The winter is hard for the urban refugee community in Amman. The weather is cold, skies are grey, and heater fuel is expensive. As we have highlighted, families planning for resettlement in the United States have been startled and scared by Trump’s executive order on immigration. Though the refugee ban has been put on hold, resettlement interviews have not been restarted yet in Jordan, and families who a few weeks ago were packing up their sparse apartments are now living in uncertainty. During times of collective stress, CRP’s psychosocial support programming becomes particularly important, offering community members opportunities to provide each other with solidarity, comfort, and laughter. These moments of positivity and kindness serve as reminders of how essential it is to support refugees in host countries such as Jordan.
At our After School Club, children between the ages of six and 12, many of whom are not enrolled in school, develop friendships, express their creativity through art, and enjoy the opportunity to just be kids. They show off pictures they’ve drawn, which are then hung on CRP’s walls, and construct colorful architectural creations out of Legos.
At weekly Girl Scout troop meets, girls develop their leadership skills, work on setting and achieving goals in order to obtain badges, and learn new skills, like origami. And yoga and exercise classes for both men and women provide an opportunity to release stress.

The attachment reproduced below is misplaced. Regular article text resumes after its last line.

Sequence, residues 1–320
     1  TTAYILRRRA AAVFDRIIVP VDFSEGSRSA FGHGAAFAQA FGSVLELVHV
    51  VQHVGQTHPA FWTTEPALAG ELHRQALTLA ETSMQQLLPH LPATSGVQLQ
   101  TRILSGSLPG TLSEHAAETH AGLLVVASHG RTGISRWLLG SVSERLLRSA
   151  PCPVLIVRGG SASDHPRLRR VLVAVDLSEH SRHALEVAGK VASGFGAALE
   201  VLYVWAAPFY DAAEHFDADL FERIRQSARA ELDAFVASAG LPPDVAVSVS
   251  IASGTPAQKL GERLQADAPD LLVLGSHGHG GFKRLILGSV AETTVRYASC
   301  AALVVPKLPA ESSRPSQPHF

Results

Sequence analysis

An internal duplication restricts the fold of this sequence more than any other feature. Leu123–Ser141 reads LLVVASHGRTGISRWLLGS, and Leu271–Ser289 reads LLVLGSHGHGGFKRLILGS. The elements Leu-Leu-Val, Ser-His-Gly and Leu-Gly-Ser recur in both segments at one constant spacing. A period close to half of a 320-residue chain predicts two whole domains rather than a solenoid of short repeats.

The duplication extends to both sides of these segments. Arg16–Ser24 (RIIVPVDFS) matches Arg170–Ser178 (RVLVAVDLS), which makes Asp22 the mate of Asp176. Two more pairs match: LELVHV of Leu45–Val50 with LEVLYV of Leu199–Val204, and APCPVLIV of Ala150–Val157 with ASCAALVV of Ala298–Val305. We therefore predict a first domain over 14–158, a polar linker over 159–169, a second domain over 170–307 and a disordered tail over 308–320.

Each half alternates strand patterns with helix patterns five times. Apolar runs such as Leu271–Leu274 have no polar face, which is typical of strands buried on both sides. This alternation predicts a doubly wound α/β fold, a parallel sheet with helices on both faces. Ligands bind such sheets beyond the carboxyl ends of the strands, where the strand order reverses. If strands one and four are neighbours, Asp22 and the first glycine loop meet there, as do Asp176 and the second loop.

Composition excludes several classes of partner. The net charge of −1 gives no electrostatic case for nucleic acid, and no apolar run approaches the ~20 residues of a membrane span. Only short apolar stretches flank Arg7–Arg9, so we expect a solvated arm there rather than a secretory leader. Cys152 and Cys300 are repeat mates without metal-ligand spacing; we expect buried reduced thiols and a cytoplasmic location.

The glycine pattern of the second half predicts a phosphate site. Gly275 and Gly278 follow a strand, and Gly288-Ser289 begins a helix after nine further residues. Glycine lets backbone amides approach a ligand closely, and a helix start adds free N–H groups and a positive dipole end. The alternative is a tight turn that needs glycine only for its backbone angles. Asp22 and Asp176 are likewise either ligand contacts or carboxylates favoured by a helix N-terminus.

At the Hope Workshop, our women’s craft collective, women learn and practice embroidery, crocheting, knitting, and sewing. They sell the products they make at seasonal bazaars, which provides them with a small income and helps them build entrepreneurial skills. The Hope Workshop is also an opportunity for the participants to make friendships with other women in the community. These friendships cut across cultural, ethnic, and religious lines, and help decrease feelings of isolation and loneliness.
“I like the group, the change of scene, getting to know the people,” Hope Workshop member Manal says.
Moments of kindness and moments of joy are constants at CRP, even though they are often complemented by moments of worry and stress. Fewer than 1% of refugees will ever be resettled anywhere, much less the United States, and that percentage will become even smaller if the Trump administration succeeds in its attempts to limit America’s refugee resettlement program. In the meanwhile, the work of organizations such as CRP that serve refugees in host countries, where resources and aid are already stretched beyond capacity, is crucial.